Harnad to Ransdell 5-7-99
jr> It still is not clear why [Scholars Forum] should put as much
jr> weight... on the self-archiving principle as you think
jr> they should... it is surely well within the power of
jr> such a Consortium to attract as many prestigious editors with their
jr> journals as they can accommodate, and to keep on doing so until they
jr> have brought on board every journal they think worth supporting, without
jr> having to depend upon the much slower results of relying on the
jr> self-archiving principle to work its results out gradually on the basis
jr> of marketplace considerations.
I think you are misunderstanding my critique of those components of the Scholars Forum proposal that I believe need to be dropped completely if the proposal is to succeed.
Yes, a consortium of the leading universities has enormous prestige with authors and readers. But unless it is advocating self-archiving (which would benefit from the consortium's prestige with authors), it is offering absolutely nothing to PUBLISHERS except the readiness to provide facilities to give away for free what they are currently selling. Think about it!
No, what the Forum offers is a revolutionary possibility for journal authors, and readers, and hence for research and researchers: the possibility of making available, for free for all, papers that they themselves have written and (among other things) given for free to their journals.
This possibility has been made available by LANL in Physics, and has been taken up in astounding numbers. Scholars' Forum could see to it that the same thing happens in all other disciplines.
This will induce a very rapid transition to preferential use of the free online literature across disciplines and around the world.
Once the effect of this on S/L/P revenues is felt or anticipated by journal publishers, it will induce them to find a stable alternative, and an Archive overlay may be one of the ways they can save costs in delivering the one remaining essential service to which (I believe) they will have to scale down, namely, quality control.
But to imagine that (because their authors might find the association prestigious?), journals will jump at the chance of an Archive overlay NOW, while their papers are still being accessed and paid for everywhere via S/L/P, is not, I think, very realistic at all, in fact it hardly makes sense.
The incentive for authors is free access to their papers. That is the one that needs to be addressed DIRECTLY, not via a tenuous connection involving lines of influence that somehow pass through universities, authors, and editorial boards to journal publishers.
jr> It would cost them something to set up
jr> the facilities, but then they must know that or they wouldn't be
jr> thinking of getting into this to begin with, and the expense might be
jr> recoverable from the money saved by the end of the dependence on
jr> commercial journals.
Yes, the cost of the Archive should be seen as an investment in eventual S/L/P savings but also in immediate freeing of the journal literature for the benefit research and researchers.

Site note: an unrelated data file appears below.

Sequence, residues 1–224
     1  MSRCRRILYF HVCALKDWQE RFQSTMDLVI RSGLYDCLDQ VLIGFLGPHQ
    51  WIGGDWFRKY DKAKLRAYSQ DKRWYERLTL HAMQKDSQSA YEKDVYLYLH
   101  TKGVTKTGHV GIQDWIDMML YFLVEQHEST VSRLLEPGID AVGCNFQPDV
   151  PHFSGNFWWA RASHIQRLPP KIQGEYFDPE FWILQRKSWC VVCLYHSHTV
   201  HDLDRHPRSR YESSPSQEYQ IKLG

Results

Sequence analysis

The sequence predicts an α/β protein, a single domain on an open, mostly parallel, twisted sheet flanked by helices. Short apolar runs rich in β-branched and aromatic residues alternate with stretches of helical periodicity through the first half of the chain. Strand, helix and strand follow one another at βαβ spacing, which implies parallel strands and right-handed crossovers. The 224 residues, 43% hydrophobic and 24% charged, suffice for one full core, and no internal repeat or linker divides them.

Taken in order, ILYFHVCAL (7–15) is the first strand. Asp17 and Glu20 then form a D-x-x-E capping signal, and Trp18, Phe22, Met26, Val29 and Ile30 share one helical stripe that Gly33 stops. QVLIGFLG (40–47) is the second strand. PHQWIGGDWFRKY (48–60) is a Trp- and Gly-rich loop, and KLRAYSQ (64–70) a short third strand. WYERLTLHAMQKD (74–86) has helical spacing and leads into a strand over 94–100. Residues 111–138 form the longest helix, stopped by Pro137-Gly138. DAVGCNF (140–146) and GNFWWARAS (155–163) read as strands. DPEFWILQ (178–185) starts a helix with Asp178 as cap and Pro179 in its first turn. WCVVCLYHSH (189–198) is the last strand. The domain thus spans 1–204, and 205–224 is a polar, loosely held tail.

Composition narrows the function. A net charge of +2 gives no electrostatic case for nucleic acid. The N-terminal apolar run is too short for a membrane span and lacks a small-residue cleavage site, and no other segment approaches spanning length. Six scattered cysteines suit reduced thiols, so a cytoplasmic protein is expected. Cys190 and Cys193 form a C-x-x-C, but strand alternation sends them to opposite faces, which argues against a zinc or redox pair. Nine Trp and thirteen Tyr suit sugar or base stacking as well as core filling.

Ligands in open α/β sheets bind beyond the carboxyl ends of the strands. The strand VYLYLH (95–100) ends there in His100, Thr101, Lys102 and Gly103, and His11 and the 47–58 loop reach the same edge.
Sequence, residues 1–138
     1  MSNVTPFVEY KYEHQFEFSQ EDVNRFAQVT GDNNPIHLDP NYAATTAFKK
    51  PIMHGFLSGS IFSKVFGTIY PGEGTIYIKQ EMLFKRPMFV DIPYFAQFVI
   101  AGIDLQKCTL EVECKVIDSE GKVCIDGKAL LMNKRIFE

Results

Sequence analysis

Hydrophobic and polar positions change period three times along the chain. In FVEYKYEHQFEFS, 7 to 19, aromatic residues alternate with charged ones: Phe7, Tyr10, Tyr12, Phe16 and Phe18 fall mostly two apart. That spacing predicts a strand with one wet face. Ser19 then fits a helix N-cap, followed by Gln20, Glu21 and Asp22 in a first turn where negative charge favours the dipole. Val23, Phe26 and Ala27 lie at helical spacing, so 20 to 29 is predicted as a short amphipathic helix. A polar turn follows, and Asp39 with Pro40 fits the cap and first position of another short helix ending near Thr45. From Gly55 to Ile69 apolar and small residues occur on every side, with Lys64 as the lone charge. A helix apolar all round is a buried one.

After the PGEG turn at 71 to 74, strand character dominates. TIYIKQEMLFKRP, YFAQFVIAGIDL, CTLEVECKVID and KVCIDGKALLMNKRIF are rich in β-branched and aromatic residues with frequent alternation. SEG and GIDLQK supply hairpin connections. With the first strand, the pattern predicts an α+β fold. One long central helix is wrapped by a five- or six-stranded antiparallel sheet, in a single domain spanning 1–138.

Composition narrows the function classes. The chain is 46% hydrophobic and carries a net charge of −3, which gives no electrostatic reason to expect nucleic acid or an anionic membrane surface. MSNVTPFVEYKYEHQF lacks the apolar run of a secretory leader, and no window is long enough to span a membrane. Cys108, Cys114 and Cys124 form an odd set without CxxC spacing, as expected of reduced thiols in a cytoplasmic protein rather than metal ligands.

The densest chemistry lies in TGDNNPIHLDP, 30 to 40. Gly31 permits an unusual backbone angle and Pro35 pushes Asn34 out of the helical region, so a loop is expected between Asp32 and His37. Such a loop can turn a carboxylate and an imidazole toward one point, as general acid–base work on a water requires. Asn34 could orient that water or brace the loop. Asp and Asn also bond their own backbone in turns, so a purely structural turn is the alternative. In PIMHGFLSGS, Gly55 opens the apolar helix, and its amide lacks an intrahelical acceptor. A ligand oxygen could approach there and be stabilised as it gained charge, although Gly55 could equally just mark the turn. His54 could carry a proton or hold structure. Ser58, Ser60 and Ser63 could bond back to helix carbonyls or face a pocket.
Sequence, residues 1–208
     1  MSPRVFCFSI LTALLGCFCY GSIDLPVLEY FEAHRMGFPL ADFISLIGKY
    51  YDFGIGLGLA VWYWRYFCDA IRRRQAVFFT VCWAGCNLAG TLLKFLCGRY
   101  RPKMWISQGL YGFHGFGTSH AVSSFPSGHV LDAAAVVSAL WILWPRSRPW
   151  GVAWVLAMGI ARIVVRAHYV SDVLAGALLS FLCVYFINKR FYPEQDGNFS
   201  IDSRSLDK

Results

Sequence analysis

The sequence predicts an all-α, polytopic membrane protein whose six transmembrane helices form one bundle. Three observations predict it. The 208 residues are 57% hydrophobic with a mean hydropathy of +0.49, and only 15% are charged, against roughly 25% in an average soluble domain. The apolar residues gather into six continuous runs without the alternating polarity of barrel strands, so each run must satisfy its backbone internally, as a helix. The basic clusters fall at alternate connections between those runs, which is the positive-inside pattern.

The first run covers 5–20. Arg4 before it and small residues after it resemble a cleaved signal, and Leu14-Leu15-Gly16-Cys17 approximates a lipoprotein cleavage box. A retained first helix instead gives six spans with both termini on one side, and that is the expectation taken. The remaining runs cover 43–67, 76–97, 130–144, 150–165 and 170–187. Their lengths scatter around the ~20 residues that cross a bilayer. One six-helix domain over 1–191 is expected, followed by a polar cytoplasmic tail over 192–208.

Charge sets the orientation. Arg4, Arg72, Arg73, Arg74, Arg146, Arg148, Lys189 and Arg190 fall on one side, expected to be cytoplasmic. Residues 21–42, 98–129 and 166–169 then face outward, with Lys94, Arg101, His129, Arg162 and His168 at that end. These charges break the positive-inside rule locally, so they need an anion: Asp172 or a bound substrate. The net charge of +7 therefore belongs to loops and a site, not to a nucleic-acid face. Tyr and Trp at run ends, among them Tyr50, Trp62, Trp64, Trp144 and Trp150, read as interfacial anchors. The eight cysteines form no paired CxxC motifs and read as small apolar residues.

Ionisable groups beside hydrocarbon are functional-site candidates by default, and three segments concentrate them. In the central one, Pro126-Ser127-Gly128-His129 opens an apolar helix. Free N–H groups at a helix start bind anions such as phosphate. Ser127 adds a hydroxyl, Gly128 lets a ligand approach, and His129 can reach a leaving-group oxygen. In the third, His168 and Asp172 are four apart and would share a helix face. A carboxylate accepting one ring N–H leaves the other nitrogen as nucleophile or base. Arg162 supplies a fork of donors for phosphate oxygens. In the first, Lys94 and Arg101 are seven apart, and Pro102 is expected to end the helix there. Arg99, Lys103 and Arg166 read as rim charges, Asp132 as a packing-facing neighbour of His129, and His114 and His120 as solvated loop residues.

jr> Why would the journal editors and the contributors
jr> to and readers of the journals be unwilling to take advantage of the
jr> sort of arrangements and facilities the Consortium could provide if they
jr> were assured that their editorial policies were not interfered with and
jr> the papers published would be available at no charge? Sounds like a
jr> bold and quite practical solution on the face of it.
Yes, the editors, referees, authors and readers are us, but the journals and their current structure and implementations are in the hands of journal publishers. I can imagine circumstances that are sufficiently frustrating to make an editorial board bolt (it has happened occasionally), and perhaps still more frustrating circumstances might make many boards bolt en masse. But despite my fervent belief in the optimality and inevitability of a free online journal literature for authors, readers, referees, editors, research and researchers, I think their benefits first have to be FELT, before their absence can be expected to generate sufficient frustration.
Providing the facilities and the support for self-archiving will make these benefits felt, as they are already felt in Physics. Then we could bypass the need for frustration and the bolting of Boards entirely, for library S/L/P cancellations will awaken journal publishers to the need to scale down and restructure.
But at the moment, the thought that the mere creation of a prestigious Archive that invites publishers to restructure right now is a pipe dream, no matter how much prestige and academic weight stands behind it. Nor is it necessary, for self-archiving will gently achieve the same objective, and it could do it quite quickly too, if implemented in the right way. I hope that is what the Scholars Forum will realize its real mission is.
jr> they [could] decide that...
jr> the self-archiving principle doesn't actually make that much difference
jr> to them after all since they can accomplish the goal of getting
jr> everybody on-line that deserves to be on-line without having to wait for
jr> the eventual effects of free self-archiving.
This is a speculative hypothesis: We KNOW self-archiving works. And that's just about ALL we know that is pertinent to any of this.
jr> I don't attribute
jr> any of this to sinister forces. It could be simple oversight, for
jr> example, or sloppy thinking, though I am rather more inclined to
jr> interpret it charitably as an indicator that their present perspective
jr> on this doesn't make the importance of these things as obvious to them
jr> as it should.
I am delighted you said this. I agree. I will remind you if you sound as if you are forgetting again...
Stevan Harnad email@example.com
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